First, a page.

Iraqi Prime Minister Nouri Maliki is the real cause of the deep schism forming between Sunnis and the Iraqi government, according to Sunni rebels and refugees in the north of the country.
They say that Isis is being portrayed as the main propagating force behind the rebellion, when, they claim, it is in fact a more general dissatisfaction among Sunnis with the Shia-led government.
“I want to say to America and the world that this is not an Isis revolution: this is a Sunni revolution,” one of the rebels said to BBC reporters this morning at Irbil in the north of the country. “We ask the EU and America to support the Sunni people. We are not terrorists.”
Last week, Maliki's spokesman Zuhair al-Nahar announced that the west should immediately support the Iraqi government's military operation against Isis. "Our focus needs to be on urgent action – air support, logistic support, counter-intelligence support to defeat these terrorists who are posing a real danger to the stability of Iraq, to the whole region," he said to the BBC Radio 4 Today programme.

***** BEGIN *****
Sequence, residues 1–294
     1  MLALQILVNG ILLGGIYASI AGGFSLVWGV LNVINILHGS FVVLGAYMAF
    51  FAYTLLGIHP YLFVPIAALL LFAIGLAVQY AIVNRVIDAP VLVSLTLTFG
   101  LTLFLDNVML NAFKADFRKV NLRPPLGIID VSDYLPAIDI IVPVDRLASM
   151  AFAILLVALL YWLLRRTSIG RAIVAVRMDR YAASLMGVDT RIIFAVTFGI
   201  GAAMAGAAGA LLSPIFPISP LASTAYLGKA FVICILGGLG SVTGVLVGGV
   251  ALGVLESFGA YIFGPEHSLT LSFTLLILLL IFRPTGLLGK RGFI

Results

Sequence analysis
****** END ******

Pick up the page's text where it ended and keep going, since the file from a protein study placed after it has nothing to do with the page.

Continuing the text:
But according to a report by Rudaw, refugees from the towns of Tikrit and Samarra just north of Baghdad also claim that the world is incorrectly labelling Isis as responsible for the fighting.
They said that what is actually underway is a Sunni revolution to liberate Iraq from its Shiite leader. “Isis is a facade,” according to a refugee called Thaer. He added that just five per cent of Sunni fighters confronting the Iraqi forces are members of Isis, and that other Sunnis are feeling misrepresented by international coverage.
Another refugee said that the Isis mission was an invention by the Prime Minister to detract from the real issue of Sunni dissatisfaction and gain international support. “For him, every Sunni is a member of daash,” he said. “He declared us to be the enemy.”
Daash is the local term for Isis.
Mailicki, the two-term Prime Minister, and his State of Law Alliance performed well in the 30 April parliamentary elections, the results of which were certified on 1 June. They won 92 seats directly and were able to count on at least 10 to 20 further seats held by close allies, which was more than their Shia opponents received.
Competing as an MP in Baghdad, Malicki won 721,000 votes, which was considerably more than any other Iraqi politician.
US Secretary of State John Kerry is currently visiting Iraq in an attempt to push forward a united Iraq and encourage leaders to stand united against the Islamist group.